Negotiations toward a global climate treaty have ebbed and flowed here, according to several U.S. sisters observing the proceedings. Still, they sense a deal likely to emerge, in part due to the host country.
"There's a strong sense that the delegates want to do it for France," said Ursuline Sr. Michelle Morek, coalition coordinator for UNANIMA International.
"They all stand up and applaud France's courage in pushing through with this and insisting that it go on. And they're saying, we must come up with a document -- a good document -- for France, to honor their courage in holding this," she told NCR.
Two weeks before COP21, the United Nations climate change conference, opened, terrorists affiliated with the Islamic State group executed a series of attacks around Paris, killing 130 people and injuring more. The train commute from central Paris to the conference site in Le Bourget taken by many participants passes the Stade de France, near where three suicide attackers detonated explosive vests that left one civilian dead.
Despite the attacks, French officials insisted the climate summit proceed. Even with a high security presence, a given with the early attendance of roughly 150 world leaders, COP21 has not had the feel of a military zone. Still, armed guards man the main entrance gate as others roam the forest of flag pillars outside the main negotiator venue, known as the blue zone.
Even with momentum to make the meetings successful for France, there have been the usual periods of uncertainty for a deal. Morek said that she thought everything was about to fall apart on Friday. The Ursuline sister has maintained a daily blog, on which she talked that day about discouragement with the slow pace of negotiations.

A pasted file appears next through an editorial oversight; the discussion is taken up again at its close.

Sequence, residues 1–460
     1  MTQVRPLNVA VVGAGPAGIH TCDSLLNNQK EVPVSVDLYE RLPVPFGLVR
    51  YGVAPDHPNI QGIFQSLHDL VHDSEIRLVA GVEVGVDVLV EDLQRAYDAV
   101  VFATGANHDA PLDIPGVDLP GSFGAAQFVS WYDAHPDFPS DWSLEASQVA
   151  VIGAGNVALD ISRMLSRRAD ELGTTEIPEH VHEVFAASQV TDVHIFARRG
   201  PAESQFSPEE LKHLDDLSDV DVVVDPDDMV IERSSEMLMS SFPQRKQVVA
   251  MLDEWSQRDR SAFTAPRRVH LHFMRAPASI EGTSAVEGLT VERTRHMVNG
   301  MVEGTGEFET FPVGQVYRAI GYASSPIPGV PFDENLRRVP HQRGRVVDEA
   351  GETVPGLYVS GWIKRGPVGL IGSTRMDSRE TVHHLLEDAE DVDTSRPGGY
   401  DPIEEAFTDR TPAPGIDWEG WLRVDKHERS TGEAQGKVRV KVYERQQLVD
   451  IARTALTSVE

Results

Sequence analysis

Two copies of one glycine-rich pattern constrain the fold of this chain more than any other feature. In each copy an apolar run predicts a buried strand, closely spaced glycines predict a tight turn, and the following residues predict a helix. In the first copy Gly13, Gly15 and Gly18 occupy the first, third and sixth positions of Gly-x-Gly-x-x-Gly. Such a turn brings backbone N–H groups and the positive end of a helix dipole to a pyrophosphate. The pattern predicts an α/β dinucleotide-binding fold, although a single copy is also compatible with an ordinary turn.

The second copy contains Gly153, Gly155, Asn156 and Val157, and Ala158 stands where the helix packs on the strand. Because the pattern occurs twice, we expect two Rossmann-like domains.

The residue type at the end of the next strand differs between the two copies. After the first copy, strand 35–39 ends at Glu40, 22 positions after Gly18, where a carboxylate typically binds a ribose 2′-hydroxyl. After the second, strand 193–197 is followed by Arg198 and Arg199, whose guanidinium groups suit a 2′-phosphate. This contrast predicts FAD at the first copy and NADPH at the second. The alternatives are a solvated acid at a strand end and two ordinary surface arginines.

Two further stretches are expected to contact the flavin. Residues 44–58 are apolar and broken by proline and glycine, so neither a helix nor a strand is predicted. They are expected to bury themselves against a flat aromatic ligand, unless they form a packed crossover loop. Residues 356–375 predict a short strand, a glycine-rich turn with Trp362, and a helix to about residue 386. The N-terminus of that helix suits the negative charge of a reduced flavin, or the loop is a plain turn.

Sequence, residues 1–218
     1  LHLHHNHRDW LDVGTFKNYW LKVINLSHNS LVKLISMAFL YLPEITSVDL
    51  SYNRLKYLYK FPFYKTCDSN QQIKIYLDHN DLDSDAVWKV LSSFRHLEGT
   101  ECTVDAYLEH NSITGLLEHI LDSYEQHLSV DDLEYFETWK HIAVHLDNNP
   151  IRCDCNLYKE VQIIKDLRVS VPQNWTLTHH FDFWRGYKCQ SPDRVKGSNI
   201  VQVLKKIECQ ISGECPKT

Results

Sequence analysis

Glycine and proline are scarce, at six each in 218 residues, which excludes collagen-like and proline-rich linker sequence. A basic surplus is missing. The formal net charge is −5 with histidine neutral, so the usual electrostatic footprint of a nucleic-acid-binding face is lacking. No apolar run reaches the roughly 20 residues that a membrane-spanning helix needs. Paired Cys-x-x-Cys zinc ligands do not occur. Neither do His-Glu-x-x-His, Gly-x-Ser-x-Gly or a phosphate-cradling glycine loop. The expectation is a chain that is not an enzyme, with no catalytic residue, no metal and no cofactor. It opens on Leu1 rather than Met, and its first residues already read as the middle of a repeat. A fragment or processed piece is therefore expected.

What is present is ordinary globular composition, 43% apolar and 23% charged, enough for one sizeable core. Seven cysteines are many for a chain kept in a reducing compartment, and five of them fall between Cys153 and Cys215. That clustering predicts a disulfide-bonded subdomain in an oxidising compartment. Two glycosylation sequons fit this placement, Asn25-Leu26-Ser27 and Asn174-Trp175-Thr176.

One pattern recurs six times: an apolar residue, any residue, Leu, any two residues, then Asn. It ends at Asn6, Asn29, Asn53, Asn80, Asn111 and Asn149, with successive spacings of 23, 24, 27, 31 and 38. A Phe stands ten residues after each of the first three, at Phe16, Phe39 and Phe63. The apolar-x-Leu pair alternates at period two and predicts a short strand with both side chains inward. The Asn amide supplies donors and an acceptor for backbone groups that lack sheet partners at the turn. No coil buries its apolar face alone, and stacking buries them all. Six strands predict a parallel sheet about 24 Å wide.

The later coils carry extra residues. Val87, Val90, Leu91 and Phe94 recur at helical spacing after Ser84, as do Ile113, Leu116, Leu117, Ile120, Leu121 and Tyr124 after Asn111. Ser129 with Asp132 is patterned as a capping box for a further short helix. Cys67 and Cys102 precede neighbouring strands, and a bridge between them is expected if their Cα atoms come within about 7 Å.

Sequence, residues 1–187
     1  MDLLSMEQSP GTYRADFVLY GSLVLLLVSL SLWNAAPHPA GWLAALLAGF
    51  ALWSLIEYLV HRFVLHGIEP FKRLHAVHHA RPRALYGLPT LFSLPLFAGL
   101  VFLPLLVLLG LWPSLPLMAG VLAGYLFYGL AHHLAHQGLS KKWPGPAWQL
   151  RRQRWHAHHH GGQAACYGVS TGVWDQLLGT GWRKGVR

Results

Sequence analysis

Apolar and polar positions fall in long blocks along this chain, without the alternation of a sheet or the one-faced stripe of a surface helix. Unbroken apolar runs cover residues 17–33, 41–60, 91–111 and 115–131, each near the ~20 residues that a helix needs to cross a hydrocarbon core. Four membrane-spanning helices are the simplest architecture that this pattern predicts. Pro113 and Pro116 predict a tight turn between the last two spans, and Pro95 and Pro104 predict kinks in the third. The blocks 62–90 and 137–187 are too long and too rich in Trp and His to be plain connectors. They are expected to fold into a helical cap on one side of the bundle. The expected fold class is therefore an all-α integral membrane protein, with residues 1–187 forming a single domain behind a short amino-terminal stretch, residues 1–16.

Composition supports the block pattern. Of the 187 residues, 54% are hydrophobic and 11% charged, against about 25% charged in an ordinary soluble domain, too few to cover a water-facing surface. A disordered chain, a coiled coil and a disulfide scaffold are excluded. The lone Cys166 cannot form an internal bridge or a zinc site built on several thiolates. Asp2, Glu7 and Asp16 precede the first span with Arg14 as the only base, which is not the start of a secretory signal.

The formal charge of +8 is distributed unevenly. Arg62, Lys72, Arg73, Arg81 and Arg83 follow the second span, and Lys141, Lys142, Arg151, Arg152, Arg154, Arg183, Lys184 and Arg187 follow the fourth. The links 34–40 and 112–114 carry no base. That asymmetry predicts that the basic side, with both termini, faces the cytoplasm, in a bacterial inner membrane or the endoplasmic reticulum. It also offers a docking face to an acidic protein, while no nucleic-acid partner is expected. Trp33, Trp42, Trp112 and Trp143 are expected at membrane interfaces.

Come Monday, she said the attitude flipped as negotiators passed a draft text to ministers. The sessions opening the second week, in particular a speech delivered by U.N. Secretary-General Ban Ki-moon, felt like a pep rally and provided "a shot in the arm," Morek said. The trick, though, has been sustaining the enthusiasm of speeches into the deliberations.
Morek and Congregation of Notre Dame Sr. Stacy Hanrahan, another UNANIMA member attending the conference, repeated many of the sticking points to the agreement widely discussed: differentiation in the financial and other responsibilities of countries historically responsible for greenhouse gas emissions; how to implement an agreement, and what level of emissions reductions they make the target.
"The countries are trying to deal with the issue as it affects them," Hanrahan said.
Both Hanrahan and Morek expressed pride with various aspects of U.S. positions, including support for the 1.5 degrees Celsius temperature goal advocated by many island and developing nations. On Monday, Secretary of State John Kerry told Mashable, "I think we should embrace it as a legitimate aspiration." He added the U.S. favors wording in the final text that indicates the 1.5 C target while maintaining the 2 C goal as a way to garner broader support.